Cohen notes that fifty years of dishonesty has resulted (inevitably) into incoherent policy. Pun Salad knows nothing of foreign policy, but knows (as does Cohen) that letting Communist thugs take over a small island would have dire consequences, and just not for the people living on Taiwan.

Also of note:

  • Regulation for regulation's sake. The FCC, founded in an era when Americans admired the regulatory policies of Mussolini et al, is struggling to justify its continued existence. Will Rinehart looks at its latest effort: New Net Neutrality Rules Could Threaten Popular Services. After recounting the on-again, off-again recent history:

    A lot has happened since then. Since we last had this debate, Mark Zuckerberg went in front of Congress for the first time, the Cambridge Analytica story broke, we had the COVID shutdowns and the switch to online life, there was a riot at the Capitol, the Parler app was booted by its infrastructure providers, and we learned about the government's involvement in taking down lab-leak posts.

    The law has changed and markets have changed, and yet the arguments for and against net neutrality have largely remained the same. Then as now, the strongest argument against the rules is that it puts services that people love under FCC scrutiny.

    These new rules could, for example, put T-Mobile's Binge On package on the chopping block. This deal exempts YouTube, Netflix, Hulu, HBO, Sling, ESPN, SHOWTIME, Starz, and other content from counting toward the data cap on all T-Mobile phone plans. The FCC never liked this plan and might go after it again.

    If you're a statist, there's only one answer to the question "Do we need to grant the state more power?" And that is: "Of course we do."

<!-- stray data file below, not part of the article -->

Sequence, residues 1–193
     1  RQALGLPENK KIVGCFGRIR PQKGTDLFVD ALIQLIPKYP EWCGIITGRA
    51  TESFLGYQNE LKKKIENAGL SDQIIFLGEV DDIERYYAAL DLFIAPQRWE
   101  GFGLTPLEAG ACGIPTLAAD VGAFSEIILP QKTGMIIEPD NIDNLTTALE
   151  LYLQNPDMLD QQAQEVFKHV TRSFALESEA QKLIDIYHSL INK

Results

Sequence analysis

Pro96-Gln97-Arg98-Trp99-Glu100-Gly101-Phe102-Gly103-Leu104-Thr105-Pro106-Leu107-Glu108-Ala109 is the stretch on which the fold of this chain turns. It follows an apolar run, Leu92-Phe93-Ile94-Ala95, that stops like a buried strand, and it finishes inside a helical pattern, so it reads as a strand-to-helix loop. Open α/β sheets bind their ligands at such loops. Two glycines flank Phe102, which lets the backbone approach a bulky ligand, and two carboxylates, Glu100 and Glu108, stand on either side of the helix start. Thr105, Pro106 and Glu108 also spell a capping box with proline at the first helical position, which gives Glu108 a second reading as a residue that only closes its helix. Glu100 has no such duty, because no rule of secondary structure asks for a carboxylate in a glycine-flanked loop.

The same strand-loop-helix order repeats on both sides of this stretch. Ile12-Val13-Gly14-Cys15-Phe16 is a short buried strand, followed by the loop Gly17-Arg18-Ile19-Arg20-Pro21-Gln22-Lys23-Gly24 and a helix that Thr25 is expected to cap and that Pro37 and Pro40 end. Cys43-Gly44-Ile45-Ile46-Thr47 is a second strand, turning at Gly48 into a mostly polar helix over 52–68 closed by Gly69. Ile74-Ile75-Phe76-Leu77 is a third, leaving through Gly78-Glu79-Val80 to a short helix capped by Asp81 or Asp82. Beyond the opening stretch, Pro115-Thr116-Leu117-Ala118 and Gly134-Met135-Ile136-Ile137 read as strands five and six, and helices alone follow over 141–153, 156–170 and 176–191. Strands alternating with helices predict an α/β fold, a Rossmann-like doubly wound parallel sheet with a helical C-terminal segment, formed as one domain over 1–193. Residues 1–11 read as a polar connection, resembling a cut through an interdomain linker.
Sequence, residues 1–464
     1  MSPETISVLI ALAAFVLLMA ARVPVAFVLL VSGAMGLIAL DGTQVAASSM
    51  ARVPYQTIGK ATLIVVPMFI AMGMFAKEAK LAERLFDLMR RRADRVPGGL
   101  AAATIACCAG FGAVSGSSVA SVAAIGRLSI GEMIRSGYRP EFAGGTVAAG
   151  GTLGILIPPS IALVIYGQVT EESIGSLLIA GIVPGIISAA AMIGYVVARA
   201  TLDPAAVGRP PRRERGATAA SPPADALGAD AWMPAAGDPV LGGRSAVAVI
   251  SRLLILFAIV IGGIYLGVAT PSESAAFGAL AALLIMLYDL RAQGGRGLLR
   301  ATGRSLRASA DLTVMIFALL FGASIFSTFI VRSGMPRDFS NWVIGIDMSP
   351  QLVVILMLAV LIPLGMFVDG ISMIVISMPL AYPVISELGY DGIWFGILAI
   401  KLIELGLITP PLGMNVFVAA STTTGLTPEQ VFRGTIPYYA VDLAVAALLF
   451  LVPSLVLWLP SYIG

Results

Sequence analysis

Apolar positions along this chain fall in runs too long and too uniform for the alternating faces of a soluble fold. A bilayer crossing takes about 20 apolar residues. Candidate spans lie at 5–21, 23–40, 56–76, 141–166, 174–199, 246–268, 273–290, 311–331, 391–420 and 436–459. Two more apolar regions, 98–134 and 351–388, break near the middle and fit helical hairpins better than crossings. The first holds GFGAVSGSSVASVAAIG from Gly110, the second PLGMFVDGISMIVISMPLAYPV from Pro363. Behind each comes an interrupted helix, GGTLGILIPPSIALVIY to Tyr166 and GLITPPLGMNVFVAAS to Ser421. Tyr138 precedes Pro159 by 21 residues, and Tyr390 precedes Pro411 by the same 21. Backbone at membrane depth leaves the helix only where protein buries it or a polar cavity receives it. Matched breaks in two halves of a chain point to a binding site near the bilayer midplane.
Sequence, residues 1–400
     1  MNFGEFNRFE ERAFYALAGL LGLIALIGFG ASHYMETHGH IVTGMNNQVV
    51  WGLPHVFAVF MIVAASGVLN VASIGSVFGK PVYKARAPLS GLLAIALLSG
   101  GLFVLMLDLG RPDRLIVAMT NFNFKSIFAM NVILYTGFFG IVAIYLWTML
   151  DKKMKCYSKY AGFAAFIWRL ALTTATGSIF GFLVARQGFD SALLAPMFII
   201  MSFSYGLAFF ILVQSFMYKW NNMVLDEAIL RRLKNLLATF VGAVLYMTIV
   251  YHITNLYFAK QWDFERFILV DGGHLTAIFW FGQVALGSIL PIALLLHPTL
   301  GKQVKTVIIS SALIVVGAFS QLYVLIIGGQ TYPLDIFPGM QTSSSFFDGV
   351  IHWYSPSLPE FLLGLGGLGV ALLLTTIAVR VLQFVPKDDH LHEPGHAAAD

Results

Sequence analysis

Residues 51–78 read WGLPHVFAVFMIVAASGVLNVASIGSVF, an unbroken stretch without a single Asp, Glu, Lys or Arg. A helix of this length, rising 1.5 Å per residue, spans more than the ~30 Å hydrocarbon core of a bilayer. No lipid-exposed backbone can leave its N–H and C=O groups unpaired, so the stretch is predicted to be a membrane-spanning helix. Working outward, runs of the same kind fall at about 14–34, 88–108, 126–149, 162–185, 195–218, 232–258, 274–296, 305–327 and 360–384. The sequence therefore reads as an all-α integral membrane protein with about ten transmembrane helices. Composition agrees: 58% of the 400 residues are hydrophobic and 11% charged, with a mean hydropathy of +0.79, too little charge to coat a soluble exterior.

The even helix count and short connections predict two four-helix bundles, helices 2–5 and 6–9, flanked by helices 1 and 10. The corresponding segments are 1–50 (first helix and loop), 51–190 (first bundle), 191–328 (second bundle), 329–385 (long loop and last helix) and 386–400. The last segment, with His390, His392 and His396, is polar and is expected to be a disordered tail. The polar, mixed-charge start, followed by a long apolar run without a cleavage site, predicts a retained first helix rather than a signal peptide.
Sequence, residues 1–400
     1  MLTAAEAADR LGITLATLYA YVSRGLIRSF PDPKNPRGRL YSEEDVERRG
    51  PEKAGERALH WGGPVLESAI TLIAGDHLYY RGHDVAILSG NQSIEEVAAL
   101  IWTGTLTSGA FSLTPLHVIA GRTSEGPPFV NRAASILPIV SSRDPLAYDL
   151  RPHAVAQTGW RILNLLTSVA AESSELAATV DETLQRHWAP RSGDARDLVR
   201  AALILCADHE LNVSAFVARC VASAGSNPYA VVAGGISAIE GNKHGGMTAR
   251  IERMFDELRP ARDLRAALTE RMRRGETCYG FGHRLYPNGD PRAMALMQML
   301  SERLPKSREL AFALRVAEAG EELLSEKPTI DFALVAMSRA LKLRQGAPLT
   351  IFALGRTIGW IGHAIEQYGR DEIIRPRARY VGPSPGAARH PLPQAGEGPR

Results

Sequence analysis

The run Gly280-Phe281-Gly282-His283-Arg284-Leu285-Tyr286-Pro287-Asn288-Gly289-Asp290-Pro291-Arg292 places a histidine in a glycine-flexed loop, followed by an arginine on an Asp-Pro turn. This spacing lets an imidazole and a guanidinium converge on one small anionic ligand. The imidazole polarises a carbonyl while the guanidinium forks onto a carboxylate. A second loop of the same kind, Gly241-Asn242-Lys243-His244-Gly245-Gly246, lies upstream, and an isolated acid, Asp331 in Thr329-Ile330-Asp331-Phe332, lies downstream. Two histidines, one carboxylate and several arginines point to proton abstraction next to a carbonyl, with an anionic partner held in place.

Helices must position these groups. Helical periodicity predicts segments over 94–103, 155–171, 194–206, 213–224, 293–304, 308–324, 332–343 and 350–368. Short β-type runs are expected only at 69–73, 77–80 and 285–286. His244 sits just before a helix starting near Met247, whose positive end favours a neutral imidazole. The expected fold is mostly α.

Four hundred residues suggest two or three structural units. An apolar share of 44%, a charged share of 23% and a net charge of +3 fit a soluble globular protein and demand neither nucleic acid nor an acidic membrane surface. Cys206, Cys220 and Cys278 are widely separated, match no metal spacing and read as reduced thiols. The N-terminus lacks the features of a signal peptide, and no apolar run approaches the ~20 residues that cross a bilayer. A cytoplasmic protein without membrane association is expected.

• But statists come in all colors, like red. Jacob Sullum's column at creators.com has, as usual, one of those never-ending headlines: Defenders of the Florida and Texas Social Media Laws Contradict Themselves: If Facebook et al. Are Pushing a 'Radical Leftist Narrative,' Why Don't They Have a Constitutional Right to Do That?.

    Social media companies argue that their content moderation decisions are a form of editorial discretion protected by the First Amendment. Conservative critics of those companies reject that argument, even as they complain that the platforms' decisions reflect a progressive agenda.

    That contradiction is at the heart of two cases that the Supreme Court recently agreed to hear, which involve constitutional challenges to state laws that aim to correct the bias that Republicans perceive. Although supporters of those laws claim they are defending freedom of speech, that argument hinges on a dangerous conflation of state and private action.

    Seems like a slam-dunk to me.

  • Good idea, Nikki. Well it was only a few days ago that I tut-tutted about Nikki Haley's advocacy of repealing the Federal tax on gasoline and diesel. I linked to an an article at AEI: The Gas Tax Should Not Be Eliminated.

    Well, maybe I was wrong. Because, at Cato, Adam N. Michel and Chris Edwards write that Nikki Haley Is Right: Repeal the Federal Gas Tax.

    Federal gas tax revenues go into the Highway Trust Fund and then are dished out to the states to use on highway and transit projects. However, since 98 percent of the nation’s streets and highways are owned by state and local governments, it would be simpler and more efficient if those governments were responsible for the funding. Having the federal government raise the funds and then return the funds to the states with regulations attached is unnecessarily bureaucratic.

    States have the best information to determine their local infrastructure needs. States that want to improve their highways can increase their own state‐​level gas taxes, sales taxes, or user charges. Or they can issue debt or pursue full or partial privatization. The states have all the necessary fiscal tools to tackle their own infrastructure challenges.

    I have to admit this makes a lot of sense. The round trip our tax money takes from our wallets to Washington, D.C., and then back to our localities (with plenty of strings attached and bureaucrats employed on its way) is something I've deplored in other areas.

    As if you need me to tell you: read both AEI and Cato and make up your own mind.